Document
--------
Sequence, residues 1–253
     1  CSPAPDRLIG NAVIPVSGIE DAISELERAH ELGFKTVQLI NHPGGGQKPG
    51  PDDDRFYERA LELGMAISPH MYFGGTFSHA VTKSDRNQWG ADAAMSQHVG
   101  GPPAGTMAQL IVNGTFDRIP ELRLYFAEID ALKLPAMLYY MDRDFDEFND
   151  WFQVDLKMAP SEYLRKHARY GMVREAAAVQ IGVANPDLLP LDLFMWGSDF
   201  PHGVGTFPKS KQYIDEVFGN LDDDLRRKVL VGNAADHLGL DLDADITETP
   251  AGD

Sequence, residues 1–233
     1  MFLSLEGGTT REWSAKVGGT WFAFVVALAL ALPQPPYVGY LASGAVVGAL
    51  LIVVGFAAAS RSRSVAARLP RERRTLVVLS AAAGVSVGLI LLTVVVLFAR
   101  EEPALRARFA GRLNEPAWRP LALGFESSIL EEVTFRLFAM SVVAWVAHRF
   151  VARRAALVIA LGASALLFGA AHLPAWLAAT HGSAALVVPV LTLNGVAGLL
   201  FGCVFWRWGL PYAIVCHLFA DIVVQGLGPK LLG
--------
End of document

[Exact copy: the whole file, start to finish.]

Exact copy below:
Sequence, residues 1–253
     1  CSPAPDRLIG NAVIPVSGIE DAISELERAH ELGFKTVQLI NHPGGGQKPG
    51  PDDDRFYERA LELGMAISPH MYFGGTFSHA VTKSDRNQWG ADAAMSQHVG
   101  GPPAGTMAQL IVNGTFDRIP ELRLYFAEID ALKLPAMLYY MDRDFDEFND
   151  WFQVDLKMAP SEYLRKHARY GMVREAAAVQ IGVANPDLLP LDLFMWGSDF
   201  PHGVGTFPKS KQYIDEVFGN LDDDLRRKVL VGNAADHLGL DLDADITETP
   251  AGD

Sequence, residues 1–233
     1  MFLSLEGGTT REWSAKVGGT WFAFVVALAL ALPQPPYVGY LASGAVVGAL
    51  LIVVGFAAAS RSRSVAARLP RERRTLVVLS AAAGVSVGLI LLTVVVLFAR
   101  EEPALRARFA GRLNEPAWRP LALGFESSIL EEVTFRLFAM SVVAWVAHRF
   151  VARRAALVIA LGASALLFGA AHLPAWLAAT HGSAALVVPV LTLNGVAGLL
   201  FGCVFWRWGL PYAIVCHLFA DIVVQGLGPK LLG